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Carol Hardison: Skills honed in corporate world

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Carol Hardison

Carol Hardison

Todd Cohen

CHARLOTTE, N.C. — After Duke Power recruited her right out of college in 1982, Carol Hardison found her 40-hour week left her 10 hours a week to volunteer, a passion she had enjoyed since childhood.

But during her rise over 18 years to the job of information-technology senior consultant, Hardison found herself working 60 to 70 hours a week, leaving no time for community service.

So in 1999, nearing age 40, Hardison enrolled in a 10-week class designed to help people align their careers with their skills and passions.

“I concluded I could transfer my skills and experience from the corporate sector to the nonprofit sector, serving people in poverty,” says Hardison, who since July 2000 has served as executive director of Crisis Assistance Ministry.

Crisis Assistance provides assistance and advocacy for people in financial crisis, and works to help them achieve self-sufficiency.

With an annual budget of over $13 million, 66 employees and over 5,000 volunteers, the agency serves over 80,000 people a year.

Since Hardison joined Crisis Assistance, it has grown rapidly: The staff, for example, has grown 40 percent, while private fundraising has doubled to $3.5 million a year.

Hardison says her years at Duke Energy helped her acquire the skills she has needed to help manage growth at Crisis Assistance Ministry.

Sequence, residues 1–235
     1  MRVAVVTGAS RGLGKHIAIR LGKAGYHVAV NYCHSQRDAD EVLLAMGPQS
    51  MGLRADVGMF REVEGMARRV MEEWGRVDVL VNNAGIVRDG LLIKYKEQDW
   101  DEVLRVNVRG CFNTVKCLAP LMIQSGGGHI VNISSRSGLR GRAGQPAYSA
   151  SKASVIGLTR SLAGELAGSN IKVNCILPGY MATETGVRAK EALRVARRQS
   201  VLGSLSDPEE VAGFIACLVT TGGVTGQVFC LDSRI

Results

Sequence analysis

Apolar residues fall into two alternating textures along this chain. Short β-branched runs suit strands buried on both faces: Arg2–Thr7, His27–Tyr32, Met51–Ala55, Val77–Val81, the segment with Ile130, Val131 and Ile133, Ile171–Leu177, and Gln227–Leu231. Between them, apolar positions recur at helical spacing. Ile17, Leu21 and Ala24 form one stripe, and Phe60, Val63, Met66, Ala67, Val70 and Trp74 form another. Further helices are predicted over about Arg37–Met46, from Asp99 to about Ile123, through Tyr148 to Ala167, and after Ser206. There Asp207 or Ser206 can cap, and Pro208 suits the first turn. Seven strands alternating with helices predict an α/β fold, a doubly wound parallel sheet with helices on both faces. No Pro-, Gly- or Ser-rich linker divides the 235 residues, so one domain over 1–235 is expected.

Those skills, she says, include setting a vision, strategic planning, good hiring practices, developing and maintaining a budget, measuring performance and providing customer service.

“The things I needed to learn to prepare me for this job, I learned at Duke Energy,” she says.

Key skills she developed at Duke Energy involved team-building and collaboration, she says.

For most of her career at the utility company, her job was to roll out new software and hardware to employees, and prepare them to use the new technology and integrate it into their operations.

Because people often can be resistant to change, she says, her job required a lot of patience and the ability to get people to work together in adapting to new ways of doing business.

“Year after year, I worked to get people from different departments in the company to come together and agree on solutions to problems,” she says.

She says she has made frequent use of those skills at Crisis Assistance Ministry, which works on a regular basis with nonprofit, for-profit and government partners

After Hurricane Katrina, for example, Hardison played a key role in building a community-wide collaborative effort to address the needs of hundreds of families that relocated to Charlotte from the Gulf Coast.

Roughly 10 local agencies and faith organizations “came together and we created a seamless approach to getting these families back on their feet,” she says. “Duke taught me a lot about collaboration and teamwork.”

While businesses and nonprofits both are “mission-driven,” she says, a big difference involves their respective stakeholders.

“In for-profits, the stakeholders are getting a financial or material gain as a result of their dollar,” she says. “In nonprofits, they’re creating a better society with their dollar.”

Hardison still works 50 to 60 hours a week but says nonprofit work is where she belongs.

“It’s one of the best decisions I’ve ever made in my life,” she says. “I wake up ever day looking forward to going to Crisis Assistance Ministry to see people who are like family.”

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